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Dissidents defeated in L.A.-based union local's election

They had accused leaders of the International Union of Operating Engineers Local 501 of fraud, racketeering and intimidation.

August 27, 2013|By James Rainey

Members of a large Los Angeles-based union local that has been torn by internal strife have reelected their leaders in a closely watched election that included accusations that the organization was beset by fraud, racketeering and intimidation tactics.

Challengers said they had hoped to strike a blow against national leaders of the International Union of Operating Engineers, who the dissidents alleged had nurtured a culture of corruption. The contest, which included two competing slates of dissidents, was widely followed in labor circles.

But results released Monday showed that the incumbents of IUOE Local 501, which represents 9,000 skilled maintenance workers in large buildings in the southern sections of California and Nevada, had prevailed. Reelected to the top leadership post was incumbent Business Manager Edward Curly, along with 16 others who were part of Curly's Pro Union slate.

In the bitter, months-long election campaign, an insurgent group calling itself The Resistance accused the union's leaders of defrauding members of millions of dollars and using mob-style threats of violence against opponents. Those allegations also were included in a lawsuit now pending in Los Angeles federal court.

Representatives of the union's Washington-based parent organization called the allegations a smear and a "fiction" promoted by members who wanted to seize control of the Los Angeles local following an election loss three years ago.

After allegations of irregularities in that campaign, the U.S. Department of Labor sued to force Local 501 to re-run the 2010 election. The case was settled late last year, with an agreement to repeat the election by this month.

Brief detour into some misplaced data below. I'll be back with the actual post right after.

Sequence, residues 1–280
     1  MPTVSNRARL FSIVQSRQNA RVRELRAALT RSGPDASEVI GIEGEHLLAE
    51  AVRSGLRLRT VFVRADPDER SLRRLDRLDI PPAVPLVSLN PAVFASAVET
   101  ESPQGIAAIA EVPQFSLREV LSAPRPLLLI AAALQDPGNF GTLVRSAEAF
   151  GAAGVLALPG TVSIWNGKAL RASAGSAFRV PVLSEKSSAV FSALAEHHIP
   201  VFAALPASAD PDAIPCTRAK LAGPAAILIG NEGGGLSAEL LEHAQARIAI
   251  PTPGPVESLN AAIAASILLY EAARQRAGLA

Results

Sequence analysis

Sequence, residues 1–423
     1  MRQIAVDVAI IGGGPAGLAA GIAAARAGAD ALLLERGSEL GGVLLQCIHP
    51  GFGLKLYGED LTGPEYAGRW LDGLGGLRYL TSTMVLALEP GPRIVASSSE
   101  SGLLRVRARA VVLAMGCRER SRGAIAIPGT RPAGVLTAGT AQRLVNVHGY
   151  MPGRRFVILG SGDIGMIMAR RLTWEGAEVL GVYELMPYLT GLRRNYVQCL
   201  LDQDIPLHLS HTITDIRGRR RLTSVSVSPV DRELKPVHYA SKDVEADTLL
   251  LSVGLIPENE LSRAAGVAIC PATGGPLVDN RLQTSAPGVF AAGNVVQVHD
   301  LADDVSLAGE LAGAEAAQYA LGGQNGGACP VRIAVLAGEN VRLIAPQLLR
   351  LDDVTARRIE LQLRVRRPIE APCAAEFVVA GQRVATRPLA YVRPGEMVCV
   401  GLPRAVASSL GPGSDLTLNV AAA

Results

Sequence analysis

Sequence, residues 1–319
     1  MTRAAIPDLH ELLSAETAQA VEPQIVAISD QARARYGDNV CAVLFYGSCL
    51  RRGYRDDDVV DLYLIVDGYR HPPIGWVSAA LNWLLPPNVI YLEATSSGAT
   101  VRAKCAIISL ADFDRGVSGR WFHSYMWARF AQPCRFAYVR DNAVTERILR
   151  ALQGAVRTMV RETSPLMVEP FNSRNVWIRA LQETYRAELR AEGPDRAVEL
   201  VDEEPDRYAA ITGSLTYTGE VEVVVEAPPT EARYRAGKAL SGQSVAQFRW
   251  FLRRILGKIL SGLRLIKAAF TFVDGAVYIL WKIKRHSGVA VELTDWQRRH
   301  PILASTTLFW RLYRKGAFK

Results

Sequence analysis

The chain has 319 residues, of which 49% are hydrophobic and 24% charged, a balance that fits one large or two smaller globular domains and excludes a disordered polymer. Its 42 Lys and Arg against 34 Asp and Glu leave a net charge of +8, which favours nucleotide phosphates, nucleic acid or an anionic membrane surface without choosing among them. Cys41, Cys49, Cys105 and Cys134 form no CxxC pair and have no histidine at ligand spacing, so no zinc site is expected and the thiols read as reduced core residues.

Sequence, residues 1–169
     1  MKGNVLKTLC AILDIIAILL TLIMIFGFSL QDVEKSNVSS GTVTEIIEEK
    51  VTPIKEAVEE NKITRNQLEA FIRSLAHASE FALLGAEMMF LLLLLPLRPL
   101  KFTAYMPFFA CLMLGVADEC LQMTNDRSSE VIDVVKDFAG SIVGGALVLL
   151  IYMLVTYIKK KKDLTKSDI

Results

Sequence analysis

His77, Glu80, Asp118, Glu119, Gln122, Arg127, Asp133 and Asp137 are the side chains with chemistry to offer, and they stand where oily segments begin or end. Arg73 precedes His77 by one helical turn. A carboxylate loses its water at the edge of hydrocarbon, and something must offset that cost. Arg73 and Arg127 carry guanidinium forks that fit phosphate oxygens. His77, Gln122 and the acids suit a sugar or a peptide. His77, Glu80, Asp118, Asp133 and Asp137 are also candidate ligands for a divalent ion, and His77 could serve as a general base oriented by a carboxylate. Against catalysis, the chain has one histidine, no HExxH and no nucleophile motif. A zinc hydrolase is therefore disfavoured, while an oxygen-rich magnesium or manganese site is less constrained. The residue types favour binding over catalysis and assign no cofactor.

When the tally of about 2,500 ballots was completed, Finn Pette, who challenged Curly for the position of business manager, lost by 132 votes. In other contests, the challengers also came close, but ultimately captured only two of the 19 Local 501 leadership positions.

Curly did not respond to requests for comment.

"It was a good day for the members of Local 501," said Jay Lederer, a spokesman for the international union. "They had their voices heard and hopefully this puts to rest some of the controversy and emotion and they can move forward in a positive manner."

The incumbent group appears to have benefited from the presence of two slates of challengers, whose combined vote exceeded that received by Curly's alliance. Supporters of the Resistance slate said they might dispute the election, in part because 300 union members allegedly did not receive ballots.

"It's a bit of a setback and we will step back and regroup," said Erik Smith, one of the defeated candidates. "But we are going to continue to work to fix the local."

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